Space travel can be dangerous. In fact, it is almost an active rebellion against the lurking danger. In the history of human space travel, this was never more evident than during the infamous ill-fated flight of Apollo 13. An explosion of oxygen some 56 hours into the mission threatened the mission and the lives of the crew, leading to a tense return trip involving slingshot Hail Mary around the Moon. . This true-to-life story of heroism is captured at the edge of space in perhaps the best space movie ever made, Ron Howard’s Apollo 13.
With Artemis I in the history books, and Artemis II and III on the horizon, the potential risks of returning to the Moon are in the air, but things could go wrong even closer to home. This is a fact we were all reminded of when a leak aboard the International Space Station’s Soyuz capsule was discovered on Wednesday. Roscosmos launched Soyuz MS-22 from Russia on September 21 and transported cosmonaut Frank Rubio and cosmonauts Sergey Prokopyev and Dmitry Petlin to the station. They have been docked there, and have been attached to the Rassvet unit, ever since and their trip home was planned for March next year. That was before coolant started leaking from the outer radiator cooling loop.
The astronauts were preparing for a space walk Wednesday night, already stationed in the airlock, when pressure sensors alerted the crew to the leak. The Space Walk is canceled in favor of the leak investigation. The cause was not investigated and the crew was unable to stop the leak from inside the station, despite efforts with external robotic arms. The leak eventually stopped, after about three hours, when the leaking coolant finally ran out. According to a statement from NASA, none of the crew members were in any immediate danger.
Aside from the planned spacewalks, operations inside the station continued as normal, with the astronauts conducting planned science experiments. Meanwhile, specialists continue to investigate the leak and study Soyuz. Although no one on board the station is in any immediate danger, there are concerns about planned EVAs, whether the Soyuz can be used to return astronauts to Earth or if they need a replacement, and what to do in the event of an emergency onboard. International Space Station .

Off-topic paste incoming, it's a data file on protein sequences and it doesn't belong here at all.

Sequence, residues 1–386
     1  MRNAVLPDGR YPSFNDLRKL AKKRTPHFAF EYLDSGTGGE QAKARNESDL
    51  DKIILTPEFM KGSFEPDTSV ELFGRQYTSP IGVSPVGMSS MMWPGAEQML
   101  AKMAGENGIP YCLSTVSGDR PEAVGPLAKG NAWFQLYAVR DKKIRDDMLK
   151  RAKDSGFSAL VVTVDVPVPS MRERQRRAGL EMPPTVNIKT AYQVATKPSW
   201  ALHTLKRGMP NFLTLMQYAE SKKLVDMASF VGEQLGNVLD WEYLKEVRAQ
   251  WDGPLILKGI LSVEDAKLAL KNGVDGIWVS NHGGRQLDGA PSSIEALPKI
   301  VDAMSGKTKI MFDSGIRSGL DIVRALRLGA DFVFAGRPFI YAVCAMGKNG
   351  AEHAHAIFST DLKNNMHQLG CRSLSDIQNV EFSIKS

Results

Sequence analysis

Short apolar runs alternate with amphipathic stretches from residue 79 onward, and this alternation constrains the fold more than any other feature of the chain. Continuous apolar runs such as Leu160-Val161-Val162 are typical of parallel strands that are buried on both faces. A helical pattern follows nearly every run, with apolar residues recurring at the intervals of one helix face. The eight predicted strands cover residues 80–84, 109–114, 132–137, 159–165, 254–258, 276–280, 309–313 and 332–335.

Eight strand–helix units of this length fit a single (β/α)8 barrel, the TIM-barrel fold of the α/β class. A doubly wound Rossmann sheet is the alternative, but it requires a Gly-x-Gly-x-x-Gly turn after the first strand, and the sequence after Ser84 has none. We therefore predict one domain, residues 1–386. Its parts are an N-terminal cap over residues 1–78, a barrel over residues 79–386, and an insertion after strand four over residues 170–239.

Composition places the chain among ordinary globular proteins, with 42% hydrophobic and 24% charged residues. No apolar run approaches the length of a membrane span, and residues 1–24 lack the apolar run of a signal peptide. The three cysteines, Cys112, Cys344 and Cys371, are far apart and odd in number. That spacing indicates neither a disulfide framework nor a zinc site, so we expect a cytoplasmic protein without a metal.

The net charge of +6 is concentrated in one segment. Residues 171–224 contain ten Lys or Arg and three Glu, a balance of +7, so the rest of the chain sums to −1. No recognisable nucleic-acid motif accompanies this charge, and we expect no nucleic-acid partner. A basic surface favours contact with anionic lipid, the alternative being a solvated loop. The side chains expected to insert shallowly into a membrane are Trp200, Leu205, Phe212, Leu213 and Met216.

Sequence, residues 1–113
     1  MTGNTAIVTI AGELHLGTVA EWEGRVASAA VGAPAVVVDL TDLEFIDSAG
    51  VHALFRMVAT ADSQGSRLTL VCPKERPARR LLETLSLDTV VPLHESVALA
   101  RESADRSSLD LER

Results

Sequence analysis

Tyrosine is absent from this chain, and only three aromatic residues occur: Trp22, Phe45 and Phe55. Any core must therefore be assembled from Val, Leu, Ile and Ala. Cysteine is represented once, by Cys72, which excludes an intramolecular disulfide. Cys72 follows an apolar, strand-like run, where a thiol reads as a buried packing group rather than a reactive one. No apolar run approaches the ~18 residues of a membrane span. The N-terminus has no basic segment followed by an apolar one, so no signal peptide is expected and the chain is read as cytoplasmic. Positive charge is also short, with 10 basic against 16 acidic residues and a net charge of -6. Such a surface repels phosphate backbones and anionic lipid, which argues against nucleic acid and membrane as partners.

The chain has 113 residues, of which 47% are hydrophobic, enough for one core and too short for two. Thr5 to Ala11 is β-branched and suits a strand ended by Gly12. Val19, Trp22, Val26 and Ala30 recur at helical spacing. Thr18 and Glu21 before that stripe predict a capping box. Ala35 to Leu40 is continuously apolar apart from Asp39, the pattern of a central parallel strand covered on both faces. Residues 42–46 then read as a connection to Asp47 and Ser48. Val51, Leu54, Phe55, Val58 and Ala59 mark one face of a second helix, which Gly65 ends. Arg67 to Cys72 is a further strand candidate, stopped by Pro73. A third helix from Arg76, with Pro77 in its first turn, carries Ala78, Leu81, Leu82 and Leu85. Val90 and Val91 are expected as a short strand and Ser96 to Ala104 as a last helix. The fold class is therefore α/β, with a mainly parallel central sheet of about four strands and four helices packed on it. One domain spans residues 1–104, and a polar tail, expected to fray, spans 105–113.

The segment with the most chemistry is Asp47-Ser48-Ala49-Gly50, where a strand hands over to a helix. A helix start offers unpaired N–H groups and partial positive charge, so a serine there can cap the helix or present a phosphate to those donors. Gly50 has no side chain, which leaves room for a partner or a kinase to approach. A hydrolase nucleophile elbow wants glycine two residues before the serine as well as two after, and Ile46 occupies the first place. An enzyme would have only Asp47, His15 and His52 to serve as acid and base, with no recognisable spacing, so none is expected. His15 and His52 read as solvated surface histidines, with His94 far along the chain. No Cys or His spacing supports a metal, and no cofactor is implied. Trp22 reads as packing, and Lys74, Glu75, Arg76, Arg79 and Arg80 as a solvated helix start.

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Standard directive is that there should never be more crew aboard the station than can fit inside the return ships. Basically, the number of occupants in the boat should not exceed the lifeboats provided. Currently, there is a SpaceX Crew Dragon capsule docked at the station with room for four people, but there are seven crew members aboard the station.
Yesterday, a senior Russian official indicated that the leak may have been caused by a micrometeor strike, as reported by Reuters. This wouldn’t be the first time the station had received a hit from something small, fast and powerful. It’s not even the first time in recent memory. Just last year, a piece of space junk slammed into the station, damaging its robotic arm.
At the moment, it is not clear if Soyuz will be suitable for the return trip. According to Ars Technica, there are concerns that computers could overheat in flight as the cooling coil stops working. These computers are required for precise re-entry, and without them, the Soyuz spacecraft would have to be manually piloted, potentially landing the astronauts far from the target.
There was also concern that without the coolant, the Soyuz would overheat from direct exposure to the sun, but instrument readings confirmed this was not the case. For now, it appears that the capsule maintains temperatures within acceptable limits and is probably safe for transporting astronauts and cosmonauts back to Earth, even if the conditions for that return aren’t ideal.
If Apollo 13 taught us anything—and it taught us a lot—it’s that space travel is risky, but humanity explores, innovates, innovates, and iterates. We may take a few punches, but we persevere.
For more true stories from beyond Earth’s borders, check out Apollo 17 astronaut Eugene Cernan’s story in The Last Man on the Moon, streaming on Peacock!
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